TRENTON — New Jersey lawmakers came one step closer Thursday to paying state employees who missed work during the government shutdown this month.
During a special session Thursday morning, the state Senate approved a measure calling for retroactive pay to all state employees who were involuntarily furloughed during the shutdown. For the bill to become law, the Assembly would also need to approve it and Gov. Christie would need to sign it.
Shortly after the Senate vote was held Thursday, state employees rallied outside of the Statehouse in support of the back pay.
Many state government agencies were shut down from July 1 to 3. The majority of affected employees missed work on July 3, a Monday, but Motor Vehicle Commission employees as well as workers at state parks and beaches also missed work over the weekend. Christie said Wednesday that he would approve legislation to restore back pay for those workers if it reaches his desk.
The Senate passed the bill Thursday by a 31-0 vote. Between 30,000 and 35,000 workers would receive retroactive pay if the bill becomes law.
Senate Assistant Majority Leader Linda Greenstein, a Democrat, said the back pay would “make a radical difference” to the employees affected.
“People do live paycheck to paycheck,” Greenstein said. “And just losing one day’s pay really affects people.”
Senators said Thursday that they were unsure exactly how much money would be paid in total to the furloughed workers.
Some legislators, such as Assembly Speaker Vincent Prieto, have called on Christie to use executive power to pay the employees. Whether or not Christie has the ability to do that was a point of disagreement Thursday. Christie has said he does not.
“If the governor wants a bill to sign, what’s the big deal?” said Senate President Stephen Sweeney, a Democrat and a sponsor of the Senate bill.
While addressing employees at the rally outside the Statehouse, Prieto said the Assembly would return to the Statehouse before the end of the month to approve the bill.
“That’s not a problem at all,” Prieto said. “But the one thing I will tell you is [Christie] has always found a way to do things, and I think he could do this” by executive order.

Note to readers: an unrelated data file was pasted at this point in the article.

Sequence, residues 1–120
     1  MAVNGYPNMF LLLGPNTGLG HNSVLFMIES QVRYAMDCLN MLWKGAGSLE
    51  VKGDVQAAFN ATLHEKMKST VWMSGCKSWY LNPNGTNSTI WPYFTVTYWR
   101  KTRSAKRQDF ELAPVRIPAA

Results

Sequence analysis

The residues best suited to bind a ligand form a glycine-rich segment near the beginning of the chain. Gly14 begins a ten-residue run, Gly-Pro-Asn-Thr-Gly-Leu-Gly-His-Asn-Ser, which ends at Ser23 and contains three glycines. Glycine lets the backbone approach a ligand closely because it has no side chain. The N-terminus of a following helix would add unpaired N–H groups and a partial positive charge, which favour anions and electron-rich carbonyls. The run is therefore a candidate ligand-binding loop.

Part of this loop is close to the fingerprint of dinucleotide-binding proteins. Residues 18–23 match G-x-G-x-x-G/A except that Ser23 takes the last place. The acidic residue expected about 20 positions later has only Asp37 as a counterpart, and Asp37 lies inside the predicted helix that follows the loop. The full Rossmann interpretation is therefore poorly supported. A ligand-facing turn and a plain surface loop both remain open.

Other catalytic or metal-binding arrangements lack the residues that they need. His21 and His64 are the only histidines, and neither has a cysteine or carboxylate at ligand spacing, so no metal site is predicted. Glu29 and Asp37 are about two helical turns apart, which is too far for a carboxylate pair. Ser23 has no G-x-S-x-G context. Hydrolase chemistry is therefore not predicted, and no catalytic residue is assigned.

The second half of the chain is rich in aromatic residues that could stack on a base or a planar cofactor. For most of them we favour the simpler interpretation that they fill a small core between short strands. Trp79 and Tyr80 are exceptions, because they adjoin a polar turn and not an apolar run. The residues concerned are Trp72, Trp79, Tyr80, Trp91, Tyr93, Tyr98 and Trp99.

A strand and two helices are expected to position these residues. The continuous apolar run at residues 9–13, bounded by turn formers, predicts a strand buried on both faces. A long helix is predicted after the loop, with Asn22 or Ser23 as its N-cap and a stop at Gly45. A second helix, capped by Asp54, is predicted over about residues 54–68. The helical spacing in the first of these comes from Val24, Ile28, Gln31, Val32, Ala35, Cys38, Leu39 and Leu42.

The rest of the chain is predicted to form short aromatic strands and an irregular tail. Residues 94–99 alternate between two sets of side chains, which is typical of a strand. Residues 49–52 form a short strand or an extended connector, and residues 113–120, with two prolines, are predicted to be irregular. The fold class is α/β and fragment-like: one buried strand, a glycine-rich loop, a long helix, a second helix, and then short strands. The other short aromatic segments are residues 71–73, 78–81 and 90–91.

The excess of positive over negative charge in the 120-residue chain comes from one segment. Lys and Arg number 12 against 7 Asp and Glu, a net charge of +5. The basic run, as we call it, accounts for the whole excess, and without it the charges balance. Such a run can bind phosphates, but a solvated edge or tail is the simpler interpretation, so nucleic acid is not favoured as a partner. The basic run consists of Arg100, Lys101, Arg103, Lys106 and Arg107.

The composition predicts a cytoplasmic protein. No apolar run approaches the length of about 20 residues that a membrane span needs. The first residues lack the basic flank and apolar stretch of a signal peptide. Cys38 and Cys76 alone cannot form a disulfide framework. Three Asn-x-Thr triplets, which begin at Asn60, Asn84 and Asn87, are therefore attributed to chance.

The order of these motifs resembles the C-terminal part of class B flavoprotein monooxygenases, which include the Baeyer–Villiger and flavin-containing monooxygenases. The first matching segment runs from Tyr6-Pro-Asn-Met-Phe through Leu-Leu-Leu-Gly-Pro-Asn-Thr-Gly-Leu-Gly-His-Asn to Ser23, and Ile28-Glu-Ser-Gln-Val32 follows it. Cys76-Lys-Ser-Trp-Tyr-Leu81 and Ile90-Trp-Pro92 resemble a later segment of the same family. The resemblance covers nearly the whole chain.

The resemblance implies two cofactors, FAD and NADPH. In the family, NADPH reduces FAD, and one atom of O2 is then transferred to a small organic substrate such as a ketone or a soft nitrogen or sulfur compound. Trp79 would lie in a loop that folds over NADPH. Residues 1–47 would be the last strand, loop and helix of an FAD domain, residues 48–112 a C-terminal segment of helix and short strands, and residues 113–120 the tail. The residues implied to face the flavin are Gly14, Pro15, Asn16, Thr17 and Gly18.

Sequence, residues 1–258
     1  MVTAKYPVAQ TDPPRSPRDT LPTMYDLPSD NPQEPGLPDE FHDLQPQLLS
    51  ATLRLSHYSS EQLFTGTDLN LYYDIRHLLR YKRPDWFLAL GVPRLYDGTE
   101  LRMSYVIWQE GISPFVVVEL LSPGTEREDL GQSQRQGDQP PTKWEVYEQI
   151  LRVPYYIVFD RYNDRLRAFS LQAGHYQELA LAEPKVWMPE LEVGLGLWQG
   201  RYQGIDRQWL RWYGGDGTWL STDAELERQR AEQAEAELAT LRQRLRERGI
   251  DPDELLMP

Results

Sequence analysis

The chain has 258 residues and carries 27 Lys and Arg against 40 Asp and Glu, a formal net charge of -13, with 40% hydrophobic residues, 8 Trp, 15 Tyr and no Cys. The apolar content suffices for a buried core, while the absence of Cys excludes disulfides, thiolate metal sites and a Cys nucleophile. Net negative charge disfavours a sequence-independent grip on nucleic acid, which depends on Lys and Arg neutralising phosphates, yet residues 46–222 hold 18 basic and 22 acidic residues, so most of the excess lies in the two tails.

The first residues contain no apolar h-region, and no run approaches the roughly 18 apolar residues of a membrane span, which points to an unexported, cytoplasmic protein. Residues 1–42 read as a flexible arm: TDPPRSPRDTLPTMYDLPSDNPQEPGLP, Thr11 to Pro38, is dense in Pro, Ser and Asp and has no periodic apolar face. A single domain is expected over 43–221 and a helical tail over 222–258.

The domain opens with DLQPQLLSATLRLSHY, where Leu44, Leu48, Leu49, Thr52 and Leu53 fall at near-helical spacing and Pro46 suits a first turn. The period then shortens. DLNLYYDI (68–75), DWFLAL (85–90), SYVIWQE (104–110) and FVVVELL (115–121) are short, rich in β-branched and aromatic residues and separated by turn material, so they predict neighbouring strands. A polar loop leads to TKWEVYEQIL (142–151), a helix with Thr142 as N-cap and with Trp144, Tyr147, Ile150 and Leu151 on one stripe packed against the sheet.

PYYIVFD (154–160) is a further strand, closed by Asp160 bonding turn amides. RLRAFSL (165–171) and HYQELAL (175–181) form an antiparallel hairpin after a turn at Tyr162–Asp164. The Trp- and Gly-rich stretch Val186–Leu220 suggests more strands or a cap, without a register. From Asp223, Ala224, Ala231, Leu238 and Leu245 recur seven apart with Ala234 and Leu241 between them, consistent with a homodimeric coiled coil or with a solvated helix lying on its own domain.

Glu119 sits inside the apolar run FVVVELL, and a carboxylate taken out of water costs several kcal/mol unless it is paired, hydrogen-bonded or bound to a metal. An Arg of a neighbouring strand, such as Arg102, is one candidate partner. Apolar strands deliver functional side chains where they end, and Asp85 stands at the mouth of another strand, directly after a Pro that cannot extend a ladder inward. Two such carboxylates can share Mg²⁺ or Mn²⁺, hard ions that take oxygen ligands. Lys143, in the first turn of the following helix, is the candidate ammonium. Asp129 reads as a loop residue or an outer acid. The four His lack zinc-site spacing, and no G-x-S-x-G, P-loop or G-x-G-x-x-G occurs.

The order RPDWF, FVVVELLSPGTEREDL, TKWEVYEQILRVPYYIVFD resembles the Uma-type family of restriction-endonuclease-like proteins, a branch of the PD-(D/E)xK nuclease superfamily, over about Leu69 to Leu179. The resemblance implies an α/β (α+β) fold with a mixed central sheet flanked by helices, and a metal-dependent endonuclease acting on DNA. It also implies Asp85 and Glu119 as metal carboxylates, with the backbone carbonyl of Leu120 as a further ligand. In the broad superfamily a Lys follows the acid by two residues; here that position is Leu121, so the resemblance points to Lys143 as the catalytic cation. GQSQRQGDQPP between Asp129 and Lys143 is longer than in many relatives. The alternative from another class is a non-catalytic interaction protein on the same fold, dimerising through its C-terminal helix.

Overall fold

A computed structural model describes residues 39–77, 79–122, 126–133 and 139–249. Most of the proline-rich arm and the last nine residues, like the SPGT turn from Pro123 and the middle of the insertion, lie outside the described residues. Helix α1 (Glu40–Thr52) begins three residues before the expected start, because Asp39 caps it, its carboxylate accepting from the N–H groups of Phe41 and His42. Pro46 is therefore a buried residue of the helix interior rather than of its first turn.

During the shutdown, Christie aroused public anger by spending time with his family on Island Beach State Park, a beach that had been declared closed to the public. An image of the governor lounging in a beach chair — and internet memes inspired by the image — quickly went viral.
Christie ordered the shutdown of nonessential services after the Legislature missed the deadline for approving a budget for fiscal year 2018 that began July 1. Christie had insisted on legislation to restructure the state’s largest health insurer, Horizon Blue Cross, before he would sign the budget. While Sweeney was amenable, Prieto balked. A compromise was reached and the shutdown ended.
The rally, organized by the New Jersey branch of the Communications Workers of America, lasted about 30 minutes. State employees joined together in chants calling for the back pay, held signs critical of Christie, and listened to several speakers, including Prieto and Greenstein.
Ron Roberts, 56, who processes mail for the Division of Pension and Benefits, involuntarily missed work during the shutdown and was among those at Thursday’s rally. He said he came to the rally to express his dismay with Christie, who Roberts said was “breaking the law” by not using his executive power to pay the state employees.
“We wanted to come to work. We were forced out of work,” Roberts said. “It’s sad that we have to come here to fight for one to three days of pay.”